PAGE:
Hippeus Art Brokerage

Impressionist/Modern & Post War/Contemporary Art frenzy in NYC - May 2017

Jean-Michel Basquiat (1960-1988)

Untitled

Signed, inscribed NYC and dated 82 on the reverse
acrylic, spray paint and oilstick on canvas,
72 1/8 by 68 1/8 in - 183.2 by 173 cm
1982

Photo credit: Sotheby's

New York was once more the ideal scenario of a pyrotechnic series of auctions which in the end wrapped up a new memorable week for the global art market. Rather than the impressive combined result achieved by both the Impressionist & Modern Art and Post War & Contemporary Art sales - $1,4m, with fees, thanks also to a robust activity coming from Asian clients – it was the individual performances of several of the star lots enriching the catalogues which amazed the public. As a consequence, it is quite difficult to keep in mind all the records collected within a very few days.

We therefore deliberately chose to solely focus on the four most striking outcomes.

Constantin Brancusi’s La muse endormie gathered over $57m (including fees, starting from an initial estimate set between $25 – 35m) after a fierce, prolonged battle among five different contenders.

Dating back to 1913, this cast was the very first iconic ovoid sculptures created by the artist. Acquired by the refined French collector Jacques Ulmann in 1958 and remained within his family collection ever since, it is an undoubtable testament of Brancusi’s daring experimentations with forms and light that so sharply distanced him from fragmentation and decomposition that the rising Cubist star was dictating in early XX Century as well as from the academic training he had previously collected at Rodin’s studio. Imbued with deep spiritualism, its egg-shaped form subtly suggests the act of creation and the mystery of new life progressively emerging from an embryonic state.

It was one of the four Brancusi’s works to be exhibited at the Armory Show in NYC in February 1913 (American collectors were quicker to approach and appreciate his oeuvre than their European counterparts) and – as it was customary with the sculptor – was the fruit of an all-encompassing effort: Brancusi in fact never relied on an external studio or even on his studio assistant to finish the pieces. By doing this way, he was confident to always get the most desired effects thanks to his extreme sensitivity to various materials.

Kazimir Malevich (1879-1935)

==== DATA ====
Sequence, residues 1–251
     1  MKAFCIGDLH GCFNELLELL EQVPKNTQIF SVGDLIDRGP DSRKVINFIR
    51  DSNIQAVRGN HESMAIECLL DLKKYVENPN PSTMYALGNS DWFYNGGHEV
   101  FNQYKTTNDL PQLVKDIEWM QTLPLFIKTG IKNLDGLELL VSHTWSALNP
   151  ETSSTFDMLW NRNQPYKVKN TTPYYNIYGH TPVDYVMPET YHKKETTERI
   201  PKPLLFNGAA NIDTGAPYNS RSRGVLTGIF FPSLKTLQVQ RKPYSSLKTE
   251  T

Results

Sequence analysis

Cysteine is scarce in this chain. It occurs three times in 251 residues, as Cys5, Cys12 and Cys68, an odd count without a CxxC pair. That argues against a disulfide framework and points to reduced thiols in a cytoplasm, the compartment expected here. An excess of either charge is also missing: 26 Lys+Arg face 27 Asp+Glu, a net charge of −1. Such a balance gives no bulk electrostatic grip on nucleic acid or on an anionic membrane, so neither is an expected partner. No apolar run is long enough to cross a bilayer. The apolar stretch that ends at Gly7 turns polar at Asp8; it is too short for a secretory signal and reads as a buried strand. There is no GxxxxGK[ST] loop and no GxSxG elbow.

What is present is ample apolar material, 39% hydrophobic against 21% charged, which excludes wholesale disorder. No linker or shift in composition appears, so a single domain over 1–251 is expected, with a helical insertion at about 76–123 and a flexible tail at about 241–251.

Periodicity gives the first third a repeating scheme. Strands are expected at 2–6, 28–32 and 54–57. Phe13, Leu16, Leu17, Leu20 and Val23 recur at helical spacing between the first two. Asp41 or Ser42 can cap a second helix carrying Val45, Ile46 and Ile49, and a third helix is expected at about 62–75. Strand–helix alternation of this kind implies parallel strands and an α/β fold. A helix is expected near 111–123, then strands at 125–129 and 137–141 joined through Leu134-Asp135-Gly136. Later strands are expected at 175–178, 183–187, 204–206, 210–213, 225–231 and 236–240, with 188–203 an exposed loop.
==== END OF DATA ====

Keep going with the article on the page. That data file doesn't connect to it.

Suprematist Composition with Plane in Projection

Oil on canvas
21 by 20 7/8 in. - 53.3 by 53 cm
1915

Photo credit: Sotheby's

Kazimir Malevich’s iconic Suprematist Composition with Plane in Projection climbed to over $21m (with fees; estimate was $12 – 18m) and was strongly disputed by four bidders.

Featured in the pioneering 1915 exhibition 0.10: Last Futurist Exhibition of Paintings in Petrograd, which saw Malevich producing a total of 39 paintings just for the occasion and officially witnessed the radical innovation behind the concept of Russian Suprematism over all the then other art movements/avant-gardes – as it had been theorised by Malevich himself – this work perfectly epitomises the qualities of geometric minimalist abstraction, as interpreted (or, one should rather say, transformed) by the Russian master. A deliberate rejection of stativity and balance, both elements that are usually instinctively linked to abstraction, in favour of a dramatic stress on dynamism causing an expressive tension among the forms represented, a stylistic target achieved by a wise, almost experimental use of colours too (see the saturated yellow sharply contrasting with the intense, deep blue).

The incomparable masterpiece by Jean Michel Basquiat, Untitled (1982), which was the real Moloch of the whole week with its $110m (including fees; the exact estimate was on request), which made it the most expensive artwork created by any American artist after 1980! It will be the latest gem within the collection of voracious mega collector Yusaku Maezawa, who in the last couple of years has demonstrated to be particularly keen on Basquiat.

Painted in the pivotal year of 1982, when some of his key masterpieces were created, it is a vigorous expression of the violent, frenetic, almost primordial technique developed by the enfant prodige of NY art scene between late 70s and early 80s. A wild approach that had previously flourished on the abandoned city walls in the form of a wide range of raw, energetic graffiti yet still maintaining some conceptual features (see how Basquiat/SAMO was used to play with words, symbols and icons). In early 80s, Basquiat started testing his prodigious skills with the medium of the canvas, paving the way to the development of an unprecedented stylistic language, explosive and disruptive but at the same time so originally rooted into the traditional practice of figurative painting (which Basquiat himself undoubtedly helped to revive).

Author: Enrico Cavaliere |Date: May 23, 2017

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